I still wasn’t sure. The thing is that I did not want to be sent home, so I waited. I started to discuss something with my sister over the phone, when I realized I couldn’t finish one sandwich in the last ten minutes because of the repeated contractions. My husband looked at me and asked to start tracking the contractions again. I opened the tracker app. It became obvious very soon that we may be a bit late for spending time alone together. You know, how they say, “we were admitted to the ward and spent the whole day together watching movies, listening to the music, exploring different positions to rest, we even managed to get some sleep and had several massage sessions.” This wasn’t my story.

The taxi was there in 10 minutes. And as I got in the cab, it started.

The elevating pain every 3 minutes. And there was a fear I won’t make it on time. I thought I would be one of those women that had their baby in a car.

I wasn’t lucky with a triage nurse, they let me wait far too long before I was admitted to the ward. I missed my bathtub and water birth.

By the time we entered triage, my mind started to blur. I vaguely remember the details.

Finally, somebody got in. She asked why they waited so long and put me into a wheelchair. My poor husband had to take charge of it all. He had our suitcase with baby things and a set change of clothes, our coats, my shoes, some documents and he was asked to push me on the wheelchair.

It was only 100m to the ward, I think. But I requested to stop a few times on the way because I couldn’t bear the contractions anymore. Nothing was comfortable. Nothing was dull or nagging. It was a killing pain when you don’t know where to put yourself. The worst case is that you don’t know what is happening and what you should do exactly: to push or hold, to take long breaths or breathe like an exhausted dog.

We finally arrived. The room was so spacious and so beautiful. I regretted that we didn’t come earlier. I knew he was about to go out. I felt his head. By that time, contractions happened every minute … or even non-stop. I didn’t check the clock, I was just asking if I was allowed to push.

The midwife tried to take the baby’s heart rate by kneeling down and quickly realized she was too late with any type of tests. She ordered me to put me on a bed. That bed was so high, I remember I struggled to get on top of it. Bed sheets were snow white and I was thinking how they managed to keep them so clean.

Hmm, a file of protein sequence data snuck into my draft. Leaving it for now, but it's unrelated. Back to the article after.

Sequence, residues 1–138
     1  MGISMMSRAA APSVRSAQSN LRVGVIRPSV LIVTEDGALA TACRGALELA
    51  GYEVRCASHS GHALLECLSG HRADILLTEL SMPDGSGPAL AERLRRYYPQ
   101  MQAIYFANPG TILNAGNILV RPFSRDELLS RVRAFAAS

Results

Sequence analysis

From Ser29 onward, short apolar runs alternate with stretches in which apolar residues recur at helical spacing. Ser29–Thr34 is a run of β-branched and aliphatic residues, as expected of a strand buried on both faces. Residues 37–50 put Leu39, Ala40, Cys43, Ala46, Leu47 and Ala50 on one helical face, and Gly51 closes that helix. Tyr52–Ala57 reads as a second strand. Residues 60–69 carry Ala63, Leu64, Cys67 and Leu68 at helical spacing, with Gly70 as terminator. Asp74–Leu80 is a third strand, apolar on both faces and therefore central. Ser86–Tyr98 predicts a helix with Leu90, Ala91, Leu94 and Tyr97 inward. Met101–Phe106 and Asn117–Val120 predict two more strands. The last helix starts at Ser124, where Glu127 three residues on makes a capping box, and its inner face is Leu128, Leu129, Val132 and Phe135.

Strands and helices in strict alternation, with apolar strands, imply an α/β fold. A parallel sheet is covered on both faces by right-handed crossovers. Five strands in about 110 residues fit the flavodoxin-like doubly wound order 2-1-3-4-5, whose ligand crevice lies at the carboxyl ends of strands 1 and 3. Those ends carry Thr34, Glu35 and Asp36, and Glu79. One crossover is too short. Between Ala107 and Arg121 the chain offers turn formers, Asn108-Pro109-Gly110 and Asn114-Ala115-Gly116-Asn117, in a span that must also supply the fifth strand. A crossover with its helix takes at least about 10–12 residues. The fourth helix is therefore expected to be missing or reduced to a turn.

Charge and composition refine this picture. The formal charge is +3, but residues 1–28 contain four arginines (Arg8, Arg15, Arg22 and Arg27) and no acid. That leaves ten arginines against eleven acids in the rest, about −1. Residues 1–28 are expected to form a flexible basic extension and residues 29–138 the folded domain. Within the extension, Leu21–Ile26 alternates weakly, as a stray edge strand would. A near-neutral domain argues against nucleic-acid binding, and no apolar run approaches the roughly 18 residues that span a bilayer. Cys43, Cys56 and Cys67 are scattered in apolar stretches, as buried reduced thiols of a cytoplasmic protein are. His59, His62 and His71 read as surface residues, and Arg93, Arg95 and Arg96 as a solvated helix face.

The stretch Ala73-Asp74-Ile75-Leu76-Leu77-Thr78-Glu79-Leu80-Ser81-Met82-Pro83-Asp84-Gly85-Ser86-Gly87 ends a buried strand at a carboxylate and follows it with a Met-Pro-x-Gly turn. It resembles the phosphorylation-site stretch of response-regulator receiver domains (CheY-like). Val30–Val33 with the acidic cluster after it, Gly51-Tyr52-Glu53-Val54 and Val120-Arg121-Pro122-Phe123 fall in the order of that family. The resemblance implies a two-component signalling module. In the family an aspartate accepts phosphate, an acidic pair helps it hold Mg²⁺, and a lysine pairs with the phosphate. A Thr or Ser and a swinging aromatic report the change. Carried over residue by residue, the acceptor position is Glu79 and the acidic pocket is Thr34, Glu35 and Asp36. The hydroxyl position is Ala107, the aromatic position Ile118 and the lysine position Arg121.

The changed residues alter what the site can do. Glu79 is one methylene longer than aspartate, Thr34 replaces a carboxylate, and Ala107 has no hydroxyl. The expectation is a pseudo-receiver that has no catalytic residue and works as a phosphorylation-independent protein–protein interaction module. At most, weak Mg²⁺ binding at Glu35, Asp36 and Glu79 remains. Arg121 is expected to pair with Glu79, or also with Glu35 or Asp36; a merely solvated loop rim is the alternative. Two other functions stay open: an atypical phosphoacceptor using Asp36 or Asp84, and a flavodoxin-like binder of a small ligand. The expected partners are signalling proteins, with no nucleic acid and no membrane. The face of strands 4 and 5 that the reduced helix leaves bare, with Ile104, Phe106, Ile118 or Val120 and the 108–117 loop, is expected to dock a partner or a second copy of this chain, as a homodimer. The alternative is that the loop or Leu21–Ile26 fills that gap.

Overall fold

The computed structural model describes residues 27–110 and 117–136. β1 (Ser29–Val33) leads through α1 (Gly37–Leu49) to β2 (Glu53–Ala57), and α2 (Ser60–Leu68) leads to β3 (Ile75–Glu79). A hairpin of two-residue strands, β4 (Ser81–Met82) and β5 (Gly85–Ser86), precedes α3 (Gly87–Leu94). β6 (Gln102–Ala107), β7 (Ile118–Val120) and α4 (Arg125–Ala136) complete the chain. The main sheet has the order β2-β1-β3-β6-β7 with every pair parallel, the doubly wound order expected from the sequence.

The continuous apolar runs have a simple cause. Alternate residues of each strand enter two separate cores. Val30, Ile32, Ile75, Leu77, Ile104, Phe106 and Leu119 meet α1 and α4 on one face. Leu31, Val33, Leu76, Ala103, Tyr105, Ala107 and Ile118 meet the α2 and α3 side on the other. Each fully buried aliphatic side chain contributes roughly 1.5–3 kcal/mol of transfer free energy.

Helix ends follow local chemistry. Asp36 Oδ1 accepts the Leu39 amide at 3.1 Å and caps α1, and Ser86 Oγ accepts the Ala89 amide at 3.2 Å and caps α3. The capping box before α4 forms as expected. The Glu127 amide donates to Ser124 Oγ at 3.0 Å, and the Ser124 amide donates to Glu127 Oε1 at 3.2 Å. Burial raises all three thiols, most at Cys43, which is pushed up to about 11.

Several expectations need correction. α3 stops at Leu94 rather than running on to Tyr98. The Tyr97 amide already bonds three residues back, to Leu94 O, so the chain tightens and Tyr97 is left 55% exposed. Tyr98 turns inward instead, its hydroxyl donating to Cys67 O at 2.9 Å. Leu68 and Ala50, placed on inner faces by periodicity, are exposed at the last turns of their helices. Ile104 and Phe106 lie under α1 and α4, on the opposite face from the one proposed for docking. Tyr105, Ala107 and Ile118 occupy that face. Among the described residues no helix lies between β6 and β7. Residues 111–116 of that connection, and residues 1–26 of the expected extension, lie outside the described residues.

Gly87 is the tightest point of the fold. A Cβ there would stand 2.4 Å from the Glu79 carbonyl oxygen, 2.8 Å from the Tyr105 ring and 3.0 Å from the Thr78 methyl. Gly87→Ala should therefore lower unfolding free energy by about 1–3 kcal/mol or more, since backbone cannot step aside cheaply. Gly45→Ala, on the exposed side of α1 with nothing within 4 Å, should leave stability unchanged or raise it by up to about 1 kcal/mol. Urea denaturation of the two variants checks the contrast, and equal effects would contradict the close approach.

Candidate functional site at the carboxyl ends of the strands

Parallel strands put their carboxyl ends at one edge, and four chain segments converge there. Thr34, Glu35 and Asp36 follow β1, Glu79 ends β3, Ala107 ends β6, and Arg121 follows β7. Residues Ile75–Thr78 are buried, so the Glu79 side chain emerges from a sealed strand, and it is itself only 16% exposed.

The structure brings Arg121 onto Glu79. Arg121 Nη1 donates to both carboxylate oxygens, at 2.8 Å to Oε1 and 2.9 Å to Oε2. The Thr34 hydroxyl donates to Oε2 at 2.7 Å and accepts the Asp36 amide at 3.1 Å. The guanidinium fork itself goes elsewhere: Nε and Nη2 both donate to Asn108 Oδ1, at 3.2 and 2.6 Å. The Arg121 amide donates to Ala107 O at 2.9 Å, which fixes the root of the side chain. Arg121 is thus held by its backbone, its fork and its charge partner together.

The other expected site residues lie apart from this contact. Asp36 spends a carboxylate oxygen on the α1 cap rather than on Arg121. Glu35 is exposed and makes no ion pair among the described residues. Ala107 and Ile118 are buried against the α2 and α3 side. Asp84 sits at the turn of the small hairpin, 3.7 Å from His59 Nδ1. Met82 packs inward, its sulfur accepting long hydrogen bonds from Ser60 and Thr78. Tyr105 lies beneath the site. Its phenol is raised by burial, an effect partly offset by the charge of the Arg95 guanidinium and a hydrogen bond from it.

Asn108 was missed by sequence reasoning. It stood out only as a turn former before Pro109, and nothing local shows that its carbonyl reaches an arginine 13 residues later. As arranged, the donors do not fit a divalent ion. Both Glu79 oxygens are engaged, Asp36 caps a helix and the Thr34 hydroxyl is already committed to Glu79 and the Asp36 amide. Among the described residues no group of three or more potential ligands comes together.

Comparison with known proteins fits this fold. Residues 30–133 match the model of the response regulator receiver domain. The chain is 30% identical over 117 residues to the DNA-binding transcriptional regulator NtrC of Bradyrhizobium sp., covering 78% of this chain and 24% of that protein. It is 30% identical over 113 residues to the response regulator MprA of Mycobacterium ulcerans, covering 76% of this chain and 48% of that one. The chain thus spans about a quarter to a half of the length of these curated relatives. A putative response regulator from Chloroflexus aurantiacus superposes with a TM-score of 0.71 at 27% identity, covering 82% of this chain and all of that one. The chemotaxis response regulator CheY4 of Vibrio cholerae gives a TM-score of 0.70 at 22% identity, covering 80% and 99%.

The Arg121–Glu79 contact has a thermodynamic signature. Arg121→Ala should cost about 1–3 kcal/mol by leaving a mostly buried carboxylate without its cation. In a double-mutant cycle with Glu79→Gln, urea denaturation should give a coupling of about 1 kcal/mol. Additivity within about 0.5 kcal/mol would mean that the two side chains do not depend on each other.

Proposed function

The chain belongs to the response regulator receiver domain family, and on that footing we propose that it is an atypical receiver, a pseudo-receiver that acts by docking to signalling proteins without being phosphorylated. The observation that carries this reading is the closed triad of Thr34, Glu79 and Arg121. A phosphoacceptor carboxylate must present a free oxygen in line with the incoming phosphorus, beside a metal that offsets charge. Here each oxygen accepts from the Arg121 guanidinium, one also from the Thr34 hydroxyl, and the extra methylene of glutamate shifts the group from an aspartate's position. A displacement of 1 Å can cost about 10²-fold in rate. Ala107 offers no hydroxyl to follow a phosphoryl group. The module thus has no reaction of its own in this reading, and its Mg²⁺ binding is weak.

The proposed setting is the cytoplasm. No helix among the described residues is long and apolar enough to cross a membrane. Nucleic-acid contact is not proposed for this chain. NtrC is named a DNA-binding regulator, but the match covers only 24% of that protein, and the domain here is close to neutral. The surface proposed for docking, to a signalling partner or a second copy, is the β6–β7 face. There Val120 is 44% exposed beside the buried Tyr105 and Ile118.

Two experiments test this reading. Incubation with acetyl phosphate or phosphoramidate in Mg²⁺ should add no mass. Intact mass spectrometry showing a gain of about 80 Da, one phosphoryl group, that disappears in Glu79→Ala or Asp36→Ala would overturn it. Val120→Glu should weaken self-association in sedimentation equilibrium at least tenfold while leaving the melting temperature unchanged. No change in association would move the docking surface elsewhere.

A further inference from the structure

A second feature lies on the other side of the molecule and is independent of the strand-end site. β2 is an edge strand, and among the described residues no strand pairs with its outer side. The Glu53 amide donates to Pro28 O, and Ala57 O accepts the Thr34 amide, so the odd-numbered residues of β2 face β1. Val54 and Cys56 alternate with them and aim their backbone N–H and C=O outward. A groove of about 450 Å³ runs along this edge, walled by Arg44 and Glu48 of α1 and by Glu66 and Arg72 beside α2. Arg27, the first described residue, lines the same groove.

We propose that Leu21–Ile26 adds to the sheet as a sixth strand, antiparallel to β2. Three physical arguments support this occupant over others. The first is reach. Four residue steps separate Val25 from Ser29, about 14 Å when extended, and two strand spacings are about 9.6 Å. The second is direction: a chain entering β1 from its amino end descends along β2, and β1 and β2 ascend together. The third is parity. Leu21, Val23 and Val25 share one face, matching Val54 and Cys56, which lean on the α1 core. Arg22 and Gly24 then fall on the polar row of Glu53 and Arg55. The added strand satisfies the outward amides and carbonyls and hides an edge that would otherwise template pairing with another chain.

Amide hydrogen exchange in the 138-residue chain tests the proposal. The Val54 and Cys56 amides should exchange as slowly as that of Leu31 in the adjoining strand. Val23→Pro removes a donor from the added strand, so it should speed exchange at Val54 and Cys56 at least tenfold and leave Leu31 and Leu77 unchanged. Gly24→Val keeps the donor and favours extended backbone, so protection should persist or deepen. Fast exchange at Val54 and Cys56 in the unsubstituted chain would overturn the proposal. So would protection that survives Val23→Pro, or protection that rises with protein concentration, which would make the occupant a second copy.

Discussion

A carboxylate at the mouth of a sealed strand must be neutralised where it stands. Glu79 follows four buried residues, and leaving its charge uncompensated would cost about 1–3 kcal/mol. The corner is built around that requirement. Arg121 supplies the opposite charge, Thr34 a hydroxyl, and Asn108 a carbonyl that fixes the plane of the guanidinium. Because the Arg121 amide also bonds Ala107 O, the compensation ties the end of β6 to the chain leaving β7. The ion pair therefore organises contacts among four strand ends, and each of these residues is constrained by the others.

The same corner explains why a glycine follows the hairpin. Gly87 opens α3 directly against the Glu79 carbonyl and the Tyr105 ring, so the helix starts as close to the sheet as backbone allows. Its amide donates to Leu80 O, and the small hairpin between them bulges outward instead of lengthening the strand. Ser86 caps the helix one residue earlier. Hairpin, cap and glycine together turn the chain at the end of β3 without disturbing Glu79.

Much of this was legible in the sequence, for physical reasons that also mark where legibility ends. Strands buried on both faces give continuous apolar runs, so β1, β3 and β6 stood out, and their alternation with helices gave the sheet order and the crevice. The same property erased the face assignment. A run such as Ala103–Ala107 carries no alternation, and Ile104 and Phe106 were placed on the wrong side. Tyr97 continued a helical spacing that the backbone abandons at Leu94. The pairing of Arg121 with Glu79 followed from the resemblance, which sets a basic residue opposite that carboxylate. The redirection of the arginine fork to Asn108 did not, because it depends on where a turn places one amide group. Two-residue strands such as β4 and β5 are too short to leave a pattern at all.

I was lying flat on the bed, and staring at my husband’s face. Another contraction came and that was horribly deadly painful. I felt that this baby was literally tearing me apart.

“They will need to repair my entire vagina after this!” – I thought and screamed so loud that everyone in the room needed to close their ears. It was similar to opera singing. My husband couldn’t help himself to laugh. He found it very amusing.

Me too. We had a good laugh afterwards. Even I was scared of that screaming ability of mine. Normally, I can bear pain quite well. But at that moment, the pain was quite real.

The midwife then asked my husband what to do. He then said that I should stop screaming and put all this energy that just came out of me into a push, but silently. Later, he told me that I was unresponsive to whatever the midwife was saying. It seemed that I could hear only him.

Once he said that, I pushed. In complete silence.

Kai Adrian was born on the 14th of January at 11:01 pm. He wasn’t loud, and he didn’t scream a lot. This boy always knew what he wanted since he was born.

What I liked the most was that once he showed up, they put him onto me. It was that skin contact we both needed. Both naked, both exhausted, both fragile. I am pretty sure our minds were somewhere else. However, I do remember crying and thanking my husband for our second child. That moment of pure joy, happiness, surprise can’t be explained. This experience can only be lived. And so, we were in absolute ecstasy.

Until the umbilical cord stopped pulsating, we were there together, Kai and I. My husband finally was allowed to cut it. Kai was checked, he weighed 3,374g and he was 50 cm long.

Half an hour later, he found his way to eat. He was breastfed a couple of times within the first two hours of his life and slept through the night until 9 am in the morning.

This was our last time we slept for so long….until Kai turned three.

Enjoy the parenthood! You are the best parents to be!